I thought that since Thanksgiving is coming up this week, you might enjoy some cooking tips and recipes. These particular recipes come from a recipe book put together by children in Mrs. Geraghty’s kindergarten class. I have not personally tried any of these:

            Turkey – You cut the turkey up and put it in the oven for ten minutes and 300 degrees. You put gravy on it and eat it.—Russell

Applesauce – Go to the store and buy some apples, and then you squish them up. Then you put them in a jar that says, “Applesauce.”Then you eat it.—Shelby

Pumpkin Pie – First you buy a pumpkin and smash it. Then it is all done. And you cook it in the oven for 12 minutes and 4 degrees. Then you eat it.—Christopher

Cookies – Buy some dough and smash it and cut them out. Then put them in the oven for 2 hours at 100 degrees. Then take them out and dry them off. Then it’s time to eat them.—Christa

Don’t those sound wonderful? (lol) It seems like we all have our favorite Thanksgiving memory, or food, or tradition. Many of you will be spending time with family  – which can be both good and bad (if you know what I mean). Perhaps some will be traveling.Some will cook, some will not. But my prayer for each of you is that you will take some time to just enjoy the day with thanks to the one who has given us the greatest gift of all. The one whom we can never out-give, the one who loves us beyond our wildest hopes, the life-giver, our Lord and our God who is made known to us through Jesus Christ, who is evident in all creation, and who sustains us through the work of the Holy Spirit. Take time to be thankful. To the greatest giver-ever.

Thankfulness is a powerful thing! Something incredible happens in the world when it is confronted with gratitude. It is a powerful instrument when it is put into action. Negativity cannot stand against it. Two words sincerely spoken can transform a person, an incident, a life – “thank you.”Divisions crumble before it -thankfulness! It overflows into the lives of others in the form of generosity and fixes itself in our own lives with a sense of plenty. Gratitude has a way of seeing that is counter-cultural. Much of what we are taught through media and society, through ads that make us want more,through urgent appeals to buy this or have that is about, “ThanksHaving” rather than “ThanksGiving.” This approach calls for us to focus on what we lack without appreciation for what we have. Helen Keller once said, “So much has been given to me that I have no time to ponder that which I don’t have.” What a terrific attitude! What a goal to aspire to.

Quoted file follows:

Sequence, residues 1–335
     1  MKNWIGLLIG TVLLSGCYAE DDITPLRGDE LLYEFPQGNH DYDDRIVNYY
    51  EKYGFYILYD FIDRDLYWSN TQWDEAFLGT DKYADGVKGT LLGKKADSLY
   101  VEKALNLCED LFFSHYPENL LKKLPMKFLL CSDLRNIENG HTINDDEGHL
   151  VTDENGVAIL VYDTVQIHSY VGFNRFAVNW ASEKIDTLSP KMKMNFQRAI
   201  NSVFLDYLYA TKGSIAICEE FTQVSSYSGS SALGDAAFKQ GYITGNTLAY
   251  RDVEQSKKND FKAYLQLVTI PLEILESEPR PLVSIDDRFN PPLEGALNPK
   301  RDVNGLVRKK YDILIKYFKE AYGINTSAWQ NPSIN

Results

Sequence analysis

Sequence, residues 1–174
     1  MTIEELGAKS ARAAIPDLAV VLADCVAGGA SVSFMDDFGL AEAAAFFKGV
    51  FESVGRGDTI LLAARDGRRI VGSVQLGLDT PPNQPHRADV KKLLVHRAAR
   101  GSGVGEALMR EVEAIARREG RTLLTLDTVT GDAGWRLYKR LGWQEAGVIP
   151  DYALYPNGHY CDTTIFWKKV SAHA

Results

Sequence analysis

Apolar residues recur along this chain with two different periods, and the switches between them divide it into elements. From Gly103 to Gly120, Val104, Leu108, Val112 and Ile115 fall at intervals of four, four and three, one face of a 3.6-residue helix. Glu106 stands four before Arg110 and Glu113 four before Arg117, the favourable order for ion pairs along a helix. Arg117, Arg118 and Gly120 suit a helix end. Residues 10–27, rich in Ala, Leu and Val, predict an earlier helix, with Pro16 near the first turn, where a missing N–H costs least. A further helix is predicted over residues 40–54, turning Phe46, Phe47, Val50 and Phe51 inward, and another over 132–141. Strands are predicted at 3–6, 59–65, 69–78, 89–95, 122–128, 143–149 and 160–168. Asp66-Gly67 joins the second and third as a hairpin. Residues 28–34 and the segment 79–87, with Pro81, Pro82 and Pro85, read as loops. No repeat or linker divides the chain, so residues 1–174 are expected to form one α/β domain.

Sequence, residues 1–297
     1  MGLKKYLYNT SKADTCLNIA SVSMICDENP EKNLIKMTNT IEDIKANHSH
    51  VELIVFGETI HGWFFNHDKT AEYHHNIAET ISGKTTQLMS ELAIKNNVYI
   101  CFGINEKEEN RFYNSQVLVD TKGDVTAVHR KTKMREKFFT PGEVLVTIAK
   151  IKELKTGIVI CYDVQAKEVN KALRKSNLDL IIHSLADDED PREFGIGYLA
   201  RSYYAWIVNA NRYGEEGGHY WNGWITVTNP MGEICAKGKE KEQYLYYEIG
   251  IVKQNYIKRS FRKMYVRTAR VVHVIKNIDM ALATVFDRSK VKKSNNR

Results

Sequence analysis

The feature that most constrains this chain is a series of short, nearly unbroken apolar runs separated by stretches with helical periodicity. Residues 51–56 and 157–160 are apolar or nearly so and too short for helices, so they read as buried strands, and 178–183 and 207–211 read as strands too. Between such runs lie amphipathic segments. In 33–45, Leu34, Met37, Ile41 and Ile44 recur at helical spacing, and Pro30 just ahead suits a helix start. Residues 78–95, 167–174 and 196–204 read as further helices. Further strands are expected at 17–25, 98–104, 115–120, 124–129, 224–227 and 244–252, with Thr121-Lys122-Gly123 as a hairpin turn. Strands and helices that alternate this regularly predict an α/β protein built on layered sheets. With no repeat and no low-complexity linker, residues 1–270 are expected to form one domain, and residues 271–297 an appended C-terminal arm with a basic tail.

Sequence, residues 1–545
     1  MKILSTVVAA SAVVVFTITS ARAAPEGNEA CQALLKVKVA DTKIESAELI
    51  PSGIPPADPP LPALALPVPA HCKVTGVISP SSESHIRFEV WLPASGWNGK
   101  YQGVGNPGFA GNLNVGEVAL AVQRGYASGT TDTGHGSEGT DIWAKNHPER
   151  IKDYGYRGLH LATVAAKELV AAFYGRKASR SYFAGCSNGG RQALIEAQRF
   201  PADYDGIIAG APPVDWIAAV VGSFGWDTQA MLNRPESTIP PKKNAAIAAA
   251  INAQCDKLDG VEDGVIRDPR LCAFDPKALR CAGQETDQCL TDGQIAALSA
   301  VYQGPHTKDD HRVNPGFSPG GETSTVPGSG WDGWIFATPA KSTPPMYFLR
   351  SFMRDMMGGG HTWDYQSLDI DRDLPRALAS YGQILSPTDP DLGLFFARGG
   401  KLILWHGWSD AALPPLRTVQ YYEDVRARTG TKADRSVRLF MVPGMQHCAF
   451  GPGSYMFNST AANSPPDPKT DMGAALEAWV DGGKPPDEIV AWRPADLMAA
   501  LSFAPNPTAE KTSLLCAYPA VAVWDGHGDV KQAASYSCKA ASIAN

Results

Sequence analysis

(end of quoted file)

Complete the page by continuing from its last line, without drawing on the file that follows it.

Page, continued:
I think one of the ways to cultivate an attitude of thankfulness is by thinking about and expressing our gratitude toward those who have been placed in our lives. For example, have I told you lately how much I love you and appreciate you; how thankful I am to God for you? I really think I should tell you more often. I am kind of like the parent who brags about their children – out in the community, and in the Presbytery I am always telling others about you – but I need to say it to you. 1 Cor 1 (30-31) says, “Let the one who boasts, boast in the Lord…for he is the source of your life in Christ Jesus.” And so, I boast in the Lord and in the work he is doing in and through each of you and through us together as a community of faith. Today, we will see one such example of God’s work through you as we serve together the Community Thanksgiving Dinner. This is not the work of just one person, it is the Lord’s work in which we participate together. This is important work, it is kingdom work,it is valuable in God’s kingdom it is, as our scripture puts it today, “sowing bountifully.” This joy we have in giving of ourselves is what today’s passage is pointing out as a key value. The Community Thanksgiving Dinner is one example among many that I could point out right here in our little community of faith. It is an example of what our passage is saying this morning: “the one who sows bountifully will also reap bountifully. Each of you must give as you have made up your mind, not reluctantly or under compulsion, for God loves a cheerful giver.” (2 Cor 9:6b-7) Something amazing happens when we give in such a spirit, we find that we are provided with all that we need, an abundance even to accomplish God’s good work. Sometimes this may equate to financial abundance– we started this year with $141.16 in our Community Thanksgiving Dinner account and today we have more than enough to cover our expenses, over $1,600.That is an abundant response to our prayers for this dinner. But it isn’t always that way, sometimes the abundance comes in other ways. It could come as a change in our way of thinking, a shifting of our priorities. It could come as a deep sense of fulfillment for having given.